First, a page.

SOME SIMPLE AUDIO EXAMPLESLet’s look at a very simple example of an audiospectrogram of a whistle that starts at a low pitch andgradually rises to a very high pitch over 30 seconds. Thewhistler whistles one short note per second, each higher than the previous, and all at the same volume.The resulting graphical representation of the soundwould show one dot at each sample for the frequency of the tone at that time. It would look like this.
Fig. 1. Basic sonogram.
Moving Left to Right on the graphic represents time,which increases one second per “scale” of the graphic.Pitch is represented by the vertical placement of eachdot, with a higher dot representing a higher pitch. Notice that at each second there is a dot showing thatsound was present, and each dot is higher in pitch thanthe last one, as the tone was rising slowly. Since thewhistle was played at an even volume, there is nodifference in the lightness or darkness of each dot. Now let’s look at the audio spectrogram of a simplesine wave. If you remember back to your physics class(you weren’t sleeping were you...) a sine wave is the purest of all tones. It consists of only 1 pitch, with noovertones, and is similar to the sound you would hear from a flute or a very pure whistle. A sonogram of a onesecond sine wave at one pitch would have only one line,representing the pitch of the sound, and the length would be one second’s worth of distance on the graphic.A second pure whistle of the same length, but at alower pitch, would have a single line also lasting asecond, but the line would be lower on the graphic thanthe first line.Here’s an Audio Spectrogram of 12 pure tones, eachlasting 1 second. The tones are in groups of 3 tones at thesame pitch. Each group is lower in pitch than the prior group. The whole selection lasts about 4 seconds, fromthe 7 second mark to the 11 second mark on the timescale (in this graphic shown across the top). Notice thatthe frequency of the first set of tones is about 1kHz or 1,000 cycles per second. (Middle C on a piano is about260 cycles.)
Fig. 2. Simple repeated tones on 4 pitches.
Here’s a sonogram of the first part of "Row, Row,Row Your Boat" performed with a flute which has noovertones.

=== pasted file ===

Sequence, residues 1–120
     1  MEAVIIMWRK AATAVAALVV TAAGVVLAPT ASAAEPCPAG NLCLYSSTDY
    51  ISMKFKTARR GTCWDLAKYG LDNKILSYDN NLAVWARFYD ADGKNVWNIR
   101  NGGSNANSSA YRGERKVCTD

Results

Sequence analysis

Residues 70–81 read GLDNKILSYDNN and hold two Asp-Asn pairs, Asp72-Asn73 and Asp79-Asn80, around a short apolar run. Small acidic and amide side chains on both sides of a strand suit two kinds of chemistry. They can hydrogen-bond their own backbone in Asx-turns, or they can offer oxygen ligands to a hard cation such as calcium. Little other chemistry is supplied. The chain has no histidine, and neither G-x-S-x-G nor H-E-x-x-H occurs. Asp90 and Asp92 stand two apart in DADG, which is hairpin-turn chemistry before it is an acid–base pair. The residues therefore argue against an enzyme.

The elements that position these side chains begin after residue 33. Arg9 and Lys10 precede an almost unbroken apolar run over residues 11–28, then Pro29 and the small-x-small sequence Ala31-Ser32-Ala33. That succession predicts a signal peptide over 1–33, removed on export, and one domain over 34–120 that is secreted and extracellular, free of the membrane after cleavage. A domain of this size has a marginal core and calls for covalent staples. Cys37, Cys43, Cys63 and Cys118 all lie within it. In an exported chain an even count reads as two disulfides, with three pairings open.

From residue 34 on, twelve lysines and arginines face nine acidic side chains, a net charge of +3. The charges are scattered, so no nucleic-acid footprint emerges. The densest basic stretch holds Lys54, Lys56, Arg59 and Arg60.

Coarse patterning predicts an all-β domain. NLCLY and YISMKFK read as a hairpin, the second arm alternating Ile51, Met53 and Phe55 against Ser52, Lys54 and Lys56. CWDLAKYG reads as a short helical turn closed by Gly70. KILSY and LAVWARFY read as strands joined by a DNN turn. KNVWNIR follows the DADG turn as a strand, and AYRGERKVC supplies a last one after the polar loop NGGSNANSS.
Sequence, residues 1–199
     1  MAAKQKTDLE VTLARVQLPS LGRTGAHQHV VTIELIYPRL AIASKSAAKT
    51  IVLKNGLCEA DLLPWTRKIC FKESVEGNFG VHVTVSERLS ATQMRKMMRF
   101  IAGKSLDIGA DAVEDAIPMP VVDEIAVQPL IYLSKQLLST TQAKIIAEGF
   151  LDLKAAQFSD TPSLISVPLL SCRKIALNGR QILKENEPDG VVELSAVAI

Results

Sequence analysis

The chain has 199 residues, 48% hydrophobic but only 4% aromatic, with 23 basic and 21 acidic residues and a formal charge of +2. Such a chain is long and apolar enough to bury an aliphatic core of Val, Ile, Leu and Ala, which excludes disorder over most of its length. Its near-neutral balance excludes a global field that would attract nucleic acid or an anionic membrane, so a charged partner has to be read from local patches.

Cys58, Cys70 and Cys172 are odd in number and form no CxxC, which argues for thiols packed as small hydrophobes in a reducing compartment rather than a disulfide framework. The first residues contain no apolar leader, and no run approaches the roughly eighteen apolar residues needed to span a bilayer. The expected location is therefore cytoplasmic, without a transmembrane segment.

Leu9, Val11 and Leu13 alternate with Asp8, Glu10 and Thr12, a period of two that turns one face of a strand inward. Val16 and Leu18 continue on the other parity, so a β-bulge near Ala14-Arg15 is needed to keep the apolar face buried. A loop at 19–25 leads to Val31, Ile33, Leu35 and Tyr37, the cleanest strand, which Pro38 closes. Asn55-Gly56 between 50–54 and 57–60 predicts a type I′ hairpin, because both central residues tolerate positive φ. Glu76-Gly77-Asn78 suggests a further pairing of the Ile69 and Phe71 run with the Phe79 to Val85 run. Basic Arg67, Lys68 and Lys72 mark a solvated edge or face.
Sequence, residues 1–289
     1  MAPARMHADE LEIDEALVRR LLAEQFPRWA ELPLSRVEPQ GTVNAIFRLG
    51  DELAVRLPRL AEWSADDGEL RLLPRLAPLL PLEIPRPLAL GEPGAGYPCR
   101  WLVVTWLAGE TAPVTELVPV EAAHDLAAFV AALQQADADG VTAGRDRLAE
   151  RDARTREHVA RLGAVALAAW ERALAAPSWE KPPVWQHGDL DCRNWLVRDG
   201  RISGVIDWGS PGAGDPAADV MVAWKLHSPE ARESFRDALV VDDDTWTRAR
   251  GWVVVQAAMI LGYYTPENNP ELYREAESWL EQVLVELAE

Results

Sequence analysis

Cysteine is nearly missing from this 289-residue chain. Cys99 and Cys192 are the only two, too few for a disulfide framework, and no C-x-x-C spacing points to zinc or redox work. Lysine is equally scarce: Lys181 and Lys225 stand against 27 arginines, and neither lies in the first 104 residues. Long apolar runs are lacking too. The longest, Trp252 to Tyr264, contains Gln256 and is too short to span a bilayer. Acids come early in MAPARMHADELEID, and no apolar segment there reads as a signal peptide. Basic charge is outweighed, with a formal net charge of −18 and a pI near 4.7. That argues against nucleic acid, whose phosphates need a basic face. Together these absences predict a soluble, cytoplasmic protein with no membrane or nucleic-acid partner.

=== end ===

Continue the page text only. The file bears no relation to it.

Fig. 3. Row your boat sonogram.
 
Western TanagerSeptember/October 2010
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Fig. 6. 2 upslurred notes.
 Next here's part of a song that is a smooth “slur” thatrises and then falls in pitch and contains rich harmonics.You can see the harmonics as “shadows” above thedarker, fundamental pitch. By the way, the mottling or  background “dots” of most audio spectrograms arecaused usually by the background noise present duringthe recording.
Fig. 7. Rich up/down slurs with harmonics.
If you take two sounds of different pitches but equalvolume and play them at the same time, you would hear them both at once and it would sound like a chord. TheAS would look like this:
Fig. 4 Sonogram of chords.
 Now let’s take five sounds and stack them on top of each other. This time we’ll make all but the lowest muchsofter and place each an octave higher than the next.Instead of sounding like a chord, it would sound like justone pitch, the pitch of the lowest note. However it wouldsound much richer than a simple sine wave. If youremember back to your physics class again, this is whathappens when a bow excites a string and the resultingsound consists of one or more harmonics. The moreharmonics, the richer sounding the sound.
Fig. 5. Pitches showing fundamental with harmonics.
When you are reading a sonogram for a bird song,it's important to remember that the more harmonicsvisible in the audio spectrogram, the richer the sound.Moving closer to how bird audio spectrograms mightlook, here’s how two simple up-slurred tones wouldlook. Notice they start low and end higher.